Living with a terminal diagnosis can be a very difficult process. It can deeply affect one’s relationship with the past, future and present and is perhaps the most disruptive news you can receive. The question of how to live in this context is a complicated one that needs to be handed delicately and will be different for each person.
Living with a terminal diagnosis
When Dr. Karen J. Warren received her terminal diagnosis, she can remember being flooded with questions. ‘Looking back, I see that my process for dealing with my MSA diagnosis involved answering seven questions. These questions may be helpful to anyone diagnosed with a terminal illness and their loved ones as they move forward from the diagnosis.’
These questions ranged from the immediate like ‘Whom should I tell about my illness?’ to the longer term ‘What do I need to prepare for life moving forward?’ to the existential ‘What really matters?’ For Dr Warren, all of these questions were an important part of her process, and she has written her answers to all seven of them to help others in a similar position here. She impresses that with a terminal diagnosis it is even more important to deal with the deeper questions, that in normal life we can overlook. She describes her first phone conversation with her case manager as so:
‘She encouraged me to make choices about what I want to do with the rest of my life and to figure out how to give life meaning as a dying person. That stumped me. As a retired Philosophy Professor, surely I was capable of knowing what gives my life meaning. But, in fact, I didn’t really know. So, I began by asking myself what I really cared about and wanted to do.’
How to live with dying
For Dianna Jones, living with her diagnosis of advanced bowel cancer with a prognosis of two years made her able to appreciate some things, and actually cultivated a gratefulness. ‘I’m not grateful that I’m going to die, soon, but I’m grateful I know. That’s what I’m grateful for, that I have the knowledge and therefore I’ve got time to prepare.’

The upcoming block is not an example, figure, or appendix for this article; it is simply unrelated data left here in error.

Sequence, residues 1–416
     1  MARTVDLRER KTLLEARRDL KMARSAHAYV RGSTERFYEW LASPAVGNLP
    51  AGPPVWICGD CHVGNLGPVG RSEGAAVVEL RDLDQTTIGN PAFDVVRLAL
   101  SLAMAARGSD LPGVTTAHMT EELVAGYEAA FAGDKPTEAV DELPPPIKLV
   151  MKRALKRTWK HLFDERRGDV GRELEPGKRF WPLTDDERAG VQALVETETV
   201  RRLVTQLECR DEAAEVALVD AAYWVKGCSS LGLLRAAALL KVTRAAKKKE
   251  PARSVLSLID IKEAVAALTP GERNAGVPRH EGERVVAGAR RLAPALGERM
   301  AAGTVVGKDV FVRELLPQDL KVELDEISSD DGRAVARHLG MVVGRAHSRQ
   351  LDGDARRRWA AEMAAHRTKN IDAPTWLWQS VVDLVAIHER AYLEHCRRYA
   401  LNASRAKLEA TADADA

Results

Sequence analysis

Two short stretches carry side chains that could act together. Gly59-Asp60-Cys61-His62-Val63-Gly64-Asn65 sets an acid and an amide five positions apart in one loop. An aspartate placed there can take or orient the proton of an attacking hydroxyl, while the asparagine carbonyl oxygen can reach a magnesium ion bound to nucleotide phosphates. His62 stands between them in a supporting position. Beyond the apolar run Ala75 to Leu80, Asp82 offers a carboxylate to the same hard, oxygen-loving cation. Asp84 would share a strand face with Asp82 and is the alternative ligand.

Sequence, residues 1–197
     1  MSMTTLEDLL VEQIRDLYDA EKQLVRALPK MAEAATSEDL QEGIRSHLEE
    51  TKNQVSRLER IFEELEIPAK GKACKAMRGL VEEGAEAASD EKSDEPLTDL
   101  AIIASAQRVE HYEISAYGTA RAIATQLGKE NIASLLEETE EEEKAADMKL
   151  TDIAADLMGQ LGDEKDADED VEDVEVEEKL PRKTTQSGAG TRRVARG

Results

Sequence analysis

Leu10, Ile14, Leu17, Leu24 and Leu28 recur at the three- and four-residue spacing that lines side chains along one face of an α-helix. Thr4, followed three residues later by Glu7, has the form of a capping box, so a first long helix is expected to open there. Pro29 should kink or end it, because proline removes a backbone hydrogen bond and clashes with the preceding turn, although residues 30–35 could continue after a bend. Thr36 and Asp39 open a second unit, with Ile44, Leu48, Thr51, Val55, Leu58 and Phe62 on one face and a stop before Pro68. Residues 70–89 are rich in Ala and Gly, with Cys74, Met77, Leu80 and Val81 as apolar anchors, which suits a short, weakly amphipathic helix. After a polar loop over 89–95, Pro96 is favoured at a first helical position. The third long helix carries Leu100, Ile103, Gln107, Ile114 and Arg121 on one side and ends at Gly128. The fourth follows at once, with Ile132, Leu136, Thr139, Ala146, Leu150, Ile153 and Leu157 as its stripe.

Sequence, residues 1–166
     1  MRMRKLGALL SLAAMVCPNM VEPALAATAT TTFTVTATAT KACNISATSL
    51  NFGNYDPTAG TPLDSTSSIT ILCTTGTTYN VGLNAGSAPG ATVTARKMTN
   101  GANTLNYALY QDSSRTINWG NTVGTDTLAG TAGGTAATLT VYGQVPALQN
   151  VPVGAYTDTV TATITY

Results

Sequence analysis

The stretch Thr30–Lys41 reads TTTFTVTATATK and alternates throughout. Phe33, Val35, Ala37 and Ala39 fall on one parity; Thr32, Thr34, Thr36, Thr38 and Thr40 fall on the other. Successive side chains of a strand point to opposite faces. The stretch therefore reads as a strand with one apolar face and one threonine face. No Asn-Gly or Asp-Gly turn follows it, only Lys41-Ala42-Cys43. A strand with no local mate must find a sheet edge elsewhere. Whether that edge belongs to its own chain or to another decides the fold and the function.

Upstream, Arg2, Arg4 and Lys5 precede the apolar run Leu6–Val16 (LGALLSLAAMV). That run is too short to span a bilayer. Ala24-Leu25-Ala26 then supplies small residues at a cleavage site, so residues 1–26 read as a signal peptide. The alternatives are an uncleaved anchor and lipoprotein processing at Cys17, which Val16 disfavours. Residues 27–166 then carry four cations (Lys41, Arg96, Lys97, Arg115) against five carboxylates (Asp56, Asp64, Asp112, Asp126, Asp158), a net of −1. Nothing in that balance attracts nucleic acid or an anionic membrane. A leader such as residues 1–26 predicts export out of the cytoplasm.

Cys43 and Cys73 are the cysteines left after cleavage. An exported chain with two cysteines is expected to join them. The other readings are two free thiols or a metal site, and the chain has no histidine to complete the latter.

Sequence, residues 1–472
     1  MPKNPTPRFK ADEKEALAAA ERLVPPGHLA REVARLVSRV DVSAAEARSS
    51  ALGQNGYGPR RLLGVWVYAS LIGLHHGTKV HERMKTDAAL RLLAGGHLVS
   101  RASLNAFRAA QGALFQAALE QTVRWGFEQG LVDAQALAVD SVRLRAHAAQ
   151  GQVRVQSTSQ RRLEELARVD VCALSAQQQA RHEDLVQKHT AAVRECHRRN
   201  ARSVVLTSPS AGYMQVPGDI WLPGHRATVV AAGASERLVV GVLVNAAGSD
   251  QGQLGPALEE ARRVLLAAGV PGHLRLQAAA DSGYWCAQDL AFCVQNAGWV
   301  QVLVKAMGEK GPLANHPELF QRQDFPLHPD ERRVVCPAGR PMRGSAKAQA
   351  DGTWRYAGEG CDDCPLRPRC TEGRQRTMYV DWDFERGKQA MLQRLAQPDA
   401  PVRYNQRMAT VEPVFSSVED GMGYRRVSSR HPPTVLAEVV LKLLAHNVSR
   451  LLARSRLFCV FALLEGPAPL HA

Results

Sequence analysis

For many who receive a terminal diagnosis, this new time pressure on their lives can bring about a real focus on what they want to achieve, a fresh realisation of just how precious time is. For Dianna this was also true and she soon knew what she wanted to invest her time in.
‘Since the diagnosis … my focus has been on what I’m going to do in that time, like replan my garden which I’ve started. And what I can do to help the others, when I’m gone. Which is get my affairs in order and that keeps me going, it gives me a positive focus and a goal. I feel much more organised now than I did when I was drifting along before.’
Living with dying
There is of course natural sadness and emotional distress in the process of living with dying too. For many this is to do with the relationships that they know they will have to leave behind, for Dianna this was her granddaughter. ‘I am sad that I won’t see my granddaughter grow, if I dwell on it and I only dwell on it when I’m with her. When I’m not with her, I try not to think about it.’
In ‘A Practical Guide to The Spiritual Care of the Dying Person’ a document written by many hospital chaplains, they acknowledged that having peace with our relationships is an important part of the process. ‘Dying is a complex process because it entails the whole of us, especially our relationships, not just our bodies.’
For Dr Warren, seeing to her broken relationships with friends was part of what she wanted to focus on after receiving her diagnosis. ‘I have time to prepare for dying—for example, by giving away things I don’t need, doing things I love but may have neglected, and renewing relationships with old friends. Healing unresolved conflicts in relationships and ensuring that I am comfortable with my relationships before I die.’
It is frequently remarked that no one’s deathbed regrets are not spending more time working, and that it is always the unsaid relational matters that come to the fore at the end of our lives. Fr Nelson Medina OP, compiled a list of the deathbed regrets he had heard and they were all to do with interpersonal matters. From ‘for the promises I didn’t fulfil’ to ‘for the times I took too long to forgive others and didn’t make a big enough effort to do it faster’ – it shows that we seem to have a lot left to repair when death draws near.
Ultimately, although an immensely difficult time, preparing for death can give focus to whatever time we have left, and can drive us to both rediscover what is meaningful to us and to make peace with those we know.
‘Into your hands I commend my soul:
I offer it to you with all the love of my heart,
for I love you, Lord, and so need to give myself,
to surrender myself into your hands without reserve,
and with boundless confidence,
for you are my Father.’
Blessed Charles de Foucauld